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    Judge dismisses lap dancing cases

    Hillsborough County Judge Elvin Martinez says an ordinance outlawing lap dancing is unconstitutional and too broad.

    By DONG-PHUONG NGUYEN

    © St. Petersburg Times,
    published August 2, 2001


    TAMPA -- Some people accused of violating the city's lap dance ban won a break from a judge Wednesday.

    Hillsborough County Judge Elvin Martinez dismissed all lap dancing cases that were pending in his court. The cases involved defendants with last names beginning with the letters C, I, K, R and T, which is how cases are assigned to his courtroom.

    In an order signed Tuesday, Martinez declared the ordinance unconstitutional and "unpractical," saying it is too broad and allows selective enforcement. He also said lap dancing does not put public health or safety at risk.

    "Statutes or ordinances cannot be so overbroad that they prohibit constitutionally protected conduct as well as unprotected conduct," wrote Martinez, a former longtime legislator. "They also cannot be so overbroad they make common conduct criminal and provide the police with unfettered discretion to arrest."

    The ruling affects about 35 defendants, most of them dancers at Mons Venus, which is owned by strip club king Joe Redner.

    "We're elated," Redner said Wednesday. "It is well-reasoned and cuts right in the heart, to the crux of the matter."

    The four-page opinion adds further confusion to the lap dance issue. Prosecutors say they will appeal the ruling to Hillsborough Circuit Court. Meanwhile, appeals already are under way incases in which other judges ruled the ordinance constitutional. And two dancers convicted last week are expected to appeal. Tampa police say they will continue to make arrests.

    Martinez found that the ordinance results in arbitrary enforcement because the city acknowledges that an innocent bystander, such as a soda vendor making a delivery, would not be guilty if he or she got within 6 feet of a nude dancer.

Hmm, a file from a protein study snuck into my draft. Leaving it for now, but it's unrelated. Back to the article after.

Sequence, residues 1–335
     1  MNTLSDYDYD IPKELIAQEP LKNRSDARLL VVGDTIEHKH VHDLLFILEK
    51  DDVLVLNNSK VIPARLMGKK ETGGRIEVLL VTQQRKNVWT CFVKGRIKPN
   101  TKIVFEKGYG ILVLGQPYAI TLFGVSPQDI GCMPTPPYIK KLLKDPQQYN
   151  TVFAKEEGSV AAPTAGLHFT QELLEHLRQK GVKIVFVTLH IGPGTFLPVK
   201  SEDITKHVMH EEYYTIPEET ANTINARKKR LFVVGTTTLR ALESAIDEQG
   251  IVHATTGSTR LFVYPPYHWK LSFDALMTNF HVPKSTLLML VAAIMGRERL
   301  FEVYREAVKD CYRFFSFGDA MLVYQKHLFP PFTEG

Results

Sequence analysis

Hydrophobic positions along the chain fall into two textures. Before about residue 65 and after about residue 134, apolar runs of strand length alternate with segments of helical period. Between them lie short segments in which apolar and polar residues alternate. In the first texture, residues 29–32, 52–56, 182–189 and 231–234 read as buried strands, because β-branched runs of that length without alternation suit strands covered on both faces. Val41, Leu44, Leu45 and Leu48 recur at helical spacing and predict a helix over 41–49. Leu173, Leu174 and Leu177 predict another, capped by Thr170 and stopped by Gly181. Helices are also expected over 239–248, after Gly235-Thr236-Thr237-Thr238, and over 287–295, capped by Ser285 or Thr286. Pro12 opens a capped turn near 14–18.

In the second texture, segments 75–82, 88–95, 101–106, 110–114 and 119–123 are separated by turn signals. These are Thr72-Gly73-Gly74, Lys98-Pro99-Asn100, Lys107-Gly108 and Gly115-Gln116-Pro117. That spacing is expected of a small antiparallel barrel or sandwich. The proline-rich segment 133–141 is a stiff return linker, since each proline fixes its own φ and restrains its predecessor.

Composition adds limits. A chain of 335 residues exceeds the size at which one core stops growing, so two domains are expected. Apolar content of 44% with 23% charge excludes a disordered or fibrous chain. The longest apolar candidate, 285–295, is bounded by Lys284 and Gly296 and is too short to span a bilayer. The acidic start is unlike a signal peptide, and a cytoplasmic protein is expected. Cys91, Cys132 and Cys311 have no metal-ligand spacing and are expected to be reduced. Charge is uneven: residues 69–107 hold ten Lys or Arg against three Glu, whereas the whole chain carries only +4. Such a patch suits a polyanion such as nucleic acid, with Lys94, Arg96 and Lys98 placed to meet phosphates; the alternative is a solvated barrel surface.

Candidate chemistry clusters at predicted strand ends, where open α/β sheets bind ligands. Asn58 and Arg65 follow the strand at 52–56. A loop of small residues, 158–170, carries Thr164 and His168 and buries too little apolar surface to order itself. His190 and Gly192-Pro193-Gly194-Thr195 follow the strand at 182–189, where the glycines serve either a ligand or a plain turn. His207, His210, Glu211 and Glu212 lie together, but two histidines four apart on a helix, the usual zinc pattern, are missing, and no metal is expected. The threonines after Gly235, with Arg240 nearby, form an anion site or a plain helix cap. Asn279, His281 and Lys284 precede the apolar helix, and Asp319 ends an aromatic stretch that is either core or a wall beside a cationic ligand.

The judge also found practical problems with the ordinance, "considering the realities of movement" inside a strip club. For example, someone could be guilty for passing by an unclothed person on the way to the restroom.

    Furthermore, he said, the city failed to prove that the ordinance "furthers a substantial government interest."

    The city's evidence does not show that the use of adult establishments in Tampa causes an increase in criminal activity or poses a health risk, Martinez found.

    Prosecutors, however, believe the ordinance is sound.

    "Lap dancing has never been a constitutionally protected act -- it's as simple as that," said Assistant State Attorney Richard Leal, chief of the misdemeanor division. "It doesn't involve speech."

    But if defense attorneys have their druthers, three other misdemeanor judges who handle cases involving defendants whose names begin with other letters will follow suit.

    Lawyer Mark Rodriguez, one of six attorneys who filed the original motion to dismiss the charges against their clients, said he plans to file another motion this week, asking the other judges to issue stays in their cases until Martinez's order is appealed.

    The move is needed so that "no more women and customers are wrongly convicted," he said.

    Last week, separate juries swiftly convicted two Mons Venus dancers of violating the ordinance, which requires nude dancers to stay 6 feet away from customers. They were the first two such cases to go to trial in Tampa. Both dancers were fined $100.

    About 300 cases are pending in the courts, prosecutor Leal said.

    "It certainly makes it uncomfortable when a judge finds something unconstitutional," Leal said. "It does create a problem, which we need to resolve as soon as possible."

    - Times staff writer David Karp contributed to this report.

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